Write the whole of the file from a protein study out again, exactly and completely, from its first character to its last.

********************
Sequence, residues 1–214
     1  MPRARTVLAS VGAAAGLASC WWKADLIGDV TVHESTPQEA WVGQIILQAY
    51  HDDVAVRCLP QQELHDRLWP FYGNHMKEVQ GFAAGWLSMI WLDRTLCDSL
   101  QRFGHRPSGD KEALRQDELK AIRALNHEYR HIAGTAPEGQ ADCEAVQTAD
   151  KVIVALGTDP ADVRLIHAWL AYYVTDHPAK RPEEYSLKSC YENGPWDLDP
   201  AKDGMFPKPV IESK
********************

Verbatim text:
Sequence, residues 1–214
     1  MPRARTVLAS VGAAAGLASC WWKADLIGDV TVHESTPQEA WVGQIILQAY
    51  HDDVAVRCLP QQELHDRLWP FYGNHMKEVQ GFAAGWLSMI WLDRTLCDSL
   101  QRFGHRPSGD KEALRQDELK AIRALNHEYR HIAGTAPEGQ ADCEAVQTAD
   151  KVIVALGTDP ADVRLIHAWL AYYVTDHPAK RPEEYSLKSC YENGPWDLDP
   201  AKDGMFPKPV IESK